The Executive Extinction agenda presses on, with Iris at the center of it. It’s a big deal in the Aspen universe, so it only makes sense that one of their marquis characters happens to be primary character throughout. The storyline continues in Executive Assistant: Iris Volume 3 #2. The issue is written by David Wohl, illustrated by Alex Lei, colored by Teodoro Gonzalez and lettered by Josh Reed.
Iris and Rose square off not once, but twice in the second issue. It’s a fairly matched battle between the two, as Rose is definitely more than capable enough of handling Iris (and vice versa). The two are fighting somewhat because of Lily, but primarily because Iris suspects Rose of being involved with the kidnapping of John Wheeler, the employer of Iris. After a knockdown, drag-out fight between the two, Iris learns who kidnapped Wheeler (a Russian named Tzvetomir Ivanov) and the return of another EA.
For an issue with very little in the way of dialogue, Wohl effectively makes action speak louder than words. The bulk of the issue features Lily and Rose getting out their frustrations with one another, culminating in Iris getting the information she required. That information brought her closer to Wheeler and saving him, but things are looking bleak. All of that is told through the unspoken words, with the key players acting a way that really tells the story. That’s the strongest part of the plot in the second issue. The characters and their backstories really come together well despite two-thirds of the issue being a fight. How Tzvetomir and Iris react the events at the end of the issue will be interesting and it’s likely that the two won’t share many conversations in the ensuing issues of the event. It’s a story that pays tribute to the EA universe and its fans, while at the same time creating a new world for them to follow.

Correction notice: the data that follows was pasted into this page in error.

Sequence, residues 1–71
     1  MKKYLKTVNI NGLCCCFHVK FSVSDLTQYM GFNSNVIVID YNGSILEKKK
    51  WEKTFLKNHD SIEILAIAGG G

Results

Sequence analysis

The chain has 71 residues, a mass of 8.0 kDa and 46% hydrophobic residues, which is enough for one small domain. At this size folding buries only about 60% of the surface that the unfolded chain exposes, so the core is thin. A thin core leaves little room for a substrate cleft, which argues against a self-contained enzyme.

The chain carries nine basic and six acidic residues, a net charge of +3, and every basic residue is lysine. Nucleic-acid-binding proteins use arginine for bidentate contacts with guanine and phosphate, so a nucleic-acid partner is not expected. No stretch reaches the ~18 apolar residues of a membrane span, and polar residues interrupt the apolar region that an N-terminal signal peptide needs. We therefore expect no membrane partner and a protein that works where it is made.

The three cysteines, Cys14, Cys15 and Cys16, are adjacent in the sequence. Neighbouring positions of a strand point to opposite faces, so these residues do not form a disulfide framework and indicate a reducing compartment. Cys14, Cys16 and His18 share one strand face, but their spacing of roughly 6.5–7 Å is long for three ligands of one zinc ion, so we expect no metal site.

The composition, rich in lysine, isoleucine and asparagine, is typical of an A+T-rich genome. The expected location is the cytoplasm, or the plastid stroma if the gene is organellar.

Lei’s art is fairly nondescript. The fight scenes are shown with some decent detail, but some of the wider scenes that seem to be zoomed out look a little vague. Rose’s anatomy is also a little overkill, with every panel of her showcasing her figure more than anything. Lei’s art is consistent with his other Executive Assistant art, helping keep the universe feel cohesive.
Executive Assistant: Iris Volume 3 #2 keeps things going in the right direction for the story. Unfortunately, it’s the wrong direction for Iris and her life, as the events of the series will change her life forever. How she reacts is worth checking out and makes for some very interesting reading. Iris is such a strong character and the premise behind the Executive Assistants is quite intriguing indeed.
Executive Assistant: Iris Volume 3 #2 is in stores now.